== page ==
Are Open SSIDs in decline?

Published: 2012-05-01
Last Updated: 2012-05-01 15:43:40 UTC
by Rob VandenBrink (Version: 1)
15 comment(s)

After hearing about my wife's iPad disconnecting from wireless for a couple of weeks (ok, maybe a bit longer than that), I decided to do some upgrades to the home network and replace the problem Access Point (and older home unit).

So off to the store I went, and came home with a bright shiny new A/B/G/N AP.  After throwing the DVD away (you know, the one that comes in every box with the outdated firmware on it), and updating the unit to the current rev, my kid and I started setting it up.

It's been a while since I worked on a standalone AP - my builds normally involve controllers and *lots* of AP's.  So imagine my surprise and joy when I found that these home units no longer default to an SSID with a default name and no security!  This one started the setup by defaulting to WPA-2 / Personal, and asked me what I wanted to use for a key !  You really have to be determined now to create an Open SSID ( good news ! )

So are we looking the long, slow goodnight of open wireless on home networks?  I've written in the past about how tablet users that don't know better routinely "steal" wireless from whoever is close without thinking twice - is this going to get harder and harder from them over the next few years, as people migrate to newer APs?

On the other hand, we're seeing more and more guest networks that are open, things like coffee shops, municipal offices, hair salons - pretty much anyplace you're likely to spend more than 5 minutes at seems compelled to offer up free wireless.  But using free wireless that's offered to you is a much different proposition than stealing it from someone who's misconfigured their home network..

I invite your comments - my AP's name starts with and L and ends with an S (made by our friends at C***o).  Are the current models from other vendors implementing better defaults now too? 

Rob VandenBrink

Keywords: open ssid
15 comment(s)


WPS enabled by default?
When we signed up for AT&T U-Verse they installed a 2Wire gateway that includes 802.11b/g (no n; it's a few years old). It had WPA2-PSK already enabled with the pre-shared key printed on the 2Wire itself. I think it is just the MAC address. I was able to change it to something else without any problem and if it ever gets reset to factory defaults, it's back to the same preprinted PAK.
I can't speak to all vendors, but I know one (rhymes with shmerizon) gives you a router with wifi when you sign up for their Internet service. As of 8 months ago the default looked like it was setup with the network name being the serial number of the router, and WEP was set for security. I'm sure that the routers you buy from the box stores come with better security now, but I'd bet that the setups that average home network users get from the big providers are still pretty weak when it comes to security. They tend to care more about interoperability with legacy laptops than security. Your standard ISC reader will obviously fix this issue, but the masses are still out there with lame-o security from what my most recent Kismet scans from my kitchen table show.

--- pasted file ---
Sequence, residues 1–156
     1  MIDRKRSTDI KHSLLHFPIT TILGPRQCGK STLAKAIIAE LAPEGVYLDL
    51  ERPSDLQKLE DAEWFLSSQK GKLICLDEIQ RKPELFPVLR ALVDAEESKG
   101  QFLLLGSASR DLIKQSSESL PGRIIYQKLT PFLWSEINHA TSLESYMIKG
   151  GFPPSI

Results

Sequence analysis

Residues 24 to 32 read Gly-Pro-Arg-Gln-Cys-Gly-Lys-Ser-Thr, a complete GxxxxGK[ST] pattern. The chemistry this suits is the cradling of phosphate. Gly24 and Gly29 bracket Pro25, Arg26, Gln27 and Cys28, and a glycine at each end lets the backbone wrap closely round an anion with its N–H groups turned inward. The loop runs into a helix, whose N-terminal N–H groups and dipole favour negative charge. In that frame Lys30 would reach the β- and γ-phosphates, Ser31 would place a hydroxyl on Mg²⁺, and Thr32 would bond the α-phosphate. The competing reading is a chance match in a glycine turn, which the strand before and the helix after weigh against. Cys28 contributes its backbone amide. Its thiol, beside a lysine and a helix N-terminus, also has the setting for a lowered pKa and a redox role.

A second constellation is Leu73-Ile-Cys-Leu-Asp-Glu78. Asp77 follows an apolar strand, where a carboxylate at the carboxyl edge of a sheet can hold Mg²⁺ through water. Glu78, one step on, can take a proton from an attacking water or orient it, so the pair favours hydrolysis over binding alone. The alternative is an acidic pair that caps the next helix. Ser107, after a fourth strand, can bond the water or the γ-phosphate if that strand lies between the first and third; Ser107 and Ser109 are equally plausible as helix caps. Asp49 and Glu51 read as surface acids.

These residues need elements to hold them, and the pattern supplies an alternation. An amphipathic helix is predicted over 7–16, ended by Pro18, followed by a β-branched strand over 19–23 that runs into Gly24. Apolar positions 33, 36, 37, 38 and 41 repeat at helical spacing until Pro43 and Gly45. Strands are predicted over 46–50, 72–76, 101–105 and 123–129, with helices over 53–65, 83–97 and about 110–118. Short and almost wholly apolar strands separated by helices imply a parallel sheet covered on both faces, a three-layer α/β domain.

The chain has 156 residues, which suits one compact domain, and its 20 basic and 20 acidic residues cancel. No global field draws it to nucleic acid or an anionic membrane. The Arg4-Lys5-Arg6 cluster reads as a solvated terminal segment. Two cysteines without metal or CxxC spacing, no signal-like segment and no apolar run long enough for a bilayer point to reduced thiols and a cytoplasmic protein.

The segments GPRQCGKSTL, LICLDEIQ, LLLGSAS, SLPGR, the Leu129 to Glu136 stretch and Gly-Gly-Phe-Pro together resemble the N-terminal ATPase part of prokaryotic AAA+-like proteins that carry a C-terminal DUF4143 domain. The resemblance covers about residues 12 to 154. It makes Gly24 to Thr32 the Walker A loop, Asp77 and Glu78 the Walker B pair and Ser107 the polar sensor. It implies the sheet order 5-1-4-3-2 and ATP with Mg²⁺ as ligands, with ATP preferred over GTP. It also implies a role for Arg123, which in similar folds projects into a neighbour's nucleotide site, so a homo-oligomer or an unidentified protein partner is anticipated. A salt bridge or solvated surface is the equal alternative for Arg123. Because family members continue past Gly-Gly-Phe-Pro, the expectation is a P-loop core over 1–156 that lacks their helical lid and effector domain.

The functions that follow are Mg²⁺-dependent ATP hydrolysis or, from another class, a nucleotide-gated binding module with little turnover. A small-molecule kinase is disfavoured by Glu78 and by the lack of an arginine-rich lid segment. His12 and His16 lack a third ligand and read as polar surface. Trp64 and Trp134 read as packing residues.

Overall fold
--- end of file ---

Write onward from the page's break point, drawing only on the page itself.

I've seen the 2wire SSID's and wonder if there is a pattern to them, like with the Verizon MiFi devices.
Fewer devices ship open by default but we are seeing a trend towards more open Wi-Fi hotspots as cell carriers struggle to keep up with the demands on their bandwidth. This isn't going away but we will see the attack surface shift from the home to the high street.
I deliberately enabled open SSID because I have some devices that only take WEP or open and I would have some difficulty convincing a jury that WEP = no practical security.
A quick scan of my own area has about half the routers using WEP and the other half using WPA/WPA2.

Of those using WPA/WPA, rougly half were configured to use AES only, the other half TKIP/AES. There was one configured to use TKIP only.

Roughly 1/3 were WPS enabled.
I started seeing devices defaulting to security about a year or more ago. I was pleasantly surprised too. It can only be a good thing.
A cable company whose name rhymes with "box" sets up the wireless routers, at least in this area, like so:

SSID: LastName+FAM so if your last name is Jones your SSID is JONESFAM

Key: Home phone number with area code but no dashes. Something like 9702345431

I don't know what they do if you don't have a home phone number. Probably leave it open.
There's an interesting graph at

It would also be interesting to see how many devices have WPS enabled by default nowadays too...

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